Red Cross Weighs in on Drug Criminalization

The International Federation of the Red Cross and Red Crescent Societies (IFRC) is one of the oldest and most eminent global health organizations in the world. IFRC influences the community-level services of millions of health professionals in its local and national chapters and is a respected leader in emergency health services. It was therefore of note that at the recent annual session of the UN Commission on Narcotic Drugs (CND), the IFRC representative spoke not only about the harm reduction work that the organization has long supported but about drug policy more generally.

In particular, the IFRC called on the member states of CND to turn away from criminalization of drug use in their national policies. It is a truly welcome development that an organization of such stature, and with such influence, has joined the call of the global drug policy movement to shift away from punitive law enforcement approaches for people who use drugs.

The following text is excerpted from the statement of IFRC’s Dr. Lasha Goguadze, the senior health officer responsible for Global Harm Reduction and TB Programs, made at CND in Vienna on March 14, 2012:

The level of HIV [prevalence] among people who inject drugs is so high that some countries are edging dangerously close to generalized epidemic. Yet laws and policies continued with failed enforcement tactics.

We often ignore the evidence that to be successful in our drug policies, health services must provide a comprehensive package known as harm reduction programs that combine the measures we have previously mentioned. Instead, the best people who use drugs can hope for is to be driven underground to live with addiction in the dark back streets and abandoned buildings of our towns and cities. Or ever worse, they are criminalized and jailed with little or no regard for their healthcare rights or the impact of this policy on the health of their communities.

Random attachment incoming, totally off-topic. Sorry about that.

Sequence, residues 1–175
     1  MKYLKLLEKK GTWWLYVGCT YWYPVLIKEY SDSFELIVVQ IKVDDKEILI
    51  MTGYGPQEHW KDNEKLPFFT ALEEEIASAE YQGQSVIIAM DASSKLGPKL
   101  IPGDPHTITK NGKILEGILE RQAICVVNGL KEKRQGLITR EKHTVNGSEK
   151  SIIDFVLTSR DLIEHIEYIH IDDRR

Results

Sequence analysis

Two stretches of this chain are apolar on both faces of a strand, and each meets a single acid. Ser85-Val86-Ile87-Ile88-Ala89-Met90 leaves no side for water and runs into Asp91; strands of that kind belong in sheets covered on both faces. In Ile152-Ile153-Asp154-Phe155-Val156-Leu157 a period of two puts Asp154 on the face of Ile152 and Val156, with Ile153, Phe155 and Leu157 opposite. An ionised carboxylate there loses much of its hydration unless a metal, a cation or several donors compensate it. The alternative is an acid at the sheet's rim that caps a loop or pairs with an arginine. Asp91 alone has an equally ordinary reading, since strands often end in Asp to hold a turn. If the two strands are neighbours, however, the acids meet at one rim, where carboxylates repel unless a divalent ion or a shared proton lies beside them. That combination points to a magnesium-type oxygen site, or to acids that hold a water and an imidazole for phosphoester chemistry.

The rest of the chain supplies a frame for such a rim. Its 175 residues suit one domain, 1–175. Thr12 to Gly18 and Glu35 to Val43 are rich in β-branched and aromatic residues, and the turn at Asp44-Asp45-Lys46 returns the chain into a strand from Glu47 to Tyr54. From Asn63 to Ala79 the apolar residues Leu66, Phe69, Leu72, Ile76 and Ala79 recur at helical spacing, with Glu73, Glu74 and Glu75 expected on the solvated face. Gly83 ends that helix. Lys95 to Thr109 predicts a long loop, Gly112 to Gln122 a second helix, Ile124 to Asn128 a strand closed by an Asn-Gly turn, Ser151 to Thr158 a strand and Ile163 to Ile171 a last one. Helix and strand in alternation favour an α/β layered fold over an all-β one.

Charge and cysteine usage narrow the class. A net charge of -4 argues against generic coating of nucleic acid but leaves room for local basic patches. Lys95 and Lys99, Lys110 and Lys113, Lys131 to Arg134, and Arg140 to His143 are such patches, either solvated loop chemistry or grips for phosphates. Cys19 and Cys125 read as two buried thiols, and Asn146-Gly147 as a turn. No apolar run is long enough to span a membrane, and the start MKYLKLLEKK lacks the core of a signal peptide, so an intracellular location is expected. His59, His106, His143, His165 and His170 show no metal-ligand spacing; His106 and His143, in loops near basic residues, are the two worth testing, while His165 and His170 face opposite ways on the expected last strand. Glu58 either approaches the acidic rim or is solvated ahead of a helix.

…Left unchecked and untreated, drug use constitutes a serious public health concern that can only be addressed through rational public health services that act according to medical science rather than misinformed laws. Evidence points to the effectiveness of humanitarian drug policy. This is worth repeating. Harm reduction works.

This is why the IFRC – the world’s largest humanitarian and development organization, a network of 187 societies of Red Cross or Red Crescent…uniting tens of millions of volunteers half of whom are the youth – strongly call your excellencies to action.

…Treating drug addicts as criminals is destined to fuel the rise of HIV and other infections, not only among those unfortunate enough to have a serious drug addiction, but also for children both into addicted families and ordinary members of the public who are not normally exposed to HIV risks. Injecting drug use is a health issue. It is an issue of human rights. It cannot be condoned, but neither should it be criminalized.

…To conclude, the IFRC, on behalf of the most vulnerable people affected by drug use, strongly calls upon key stakeholders and donors to exert all possible efforts to gather knowledge on the scale of the drug use epidemic at country level and decide on the proper response accordingly. Criminalization, discrimination and stigmatization are not such responses. Laws and prosecutions do not stop people from taking drugs. Neither does the cold turkey methods of detoxification that can be potentially life-threatening. On the contrary, governments should recognize once and for all that a humanitarian drug policy works!

2 Comments

Heroin, cocaine etc should be as available as alcohol and tobacco. it is our Human Right.
The same harm reduction measures that are effective in treating alcohol and tobacco should be applied to other drugs.

This is not about making heroin and cocaine available. there is no human right to narcotic drugs. but there is right to health, as well as freedom from discrimination and torture and some others.These rights are routinely violated when drug users are treated as criminals. Therefore, it is proposed to treat them as patients, which, apart from securing human rights, is more effective in terms of promoting health in society.

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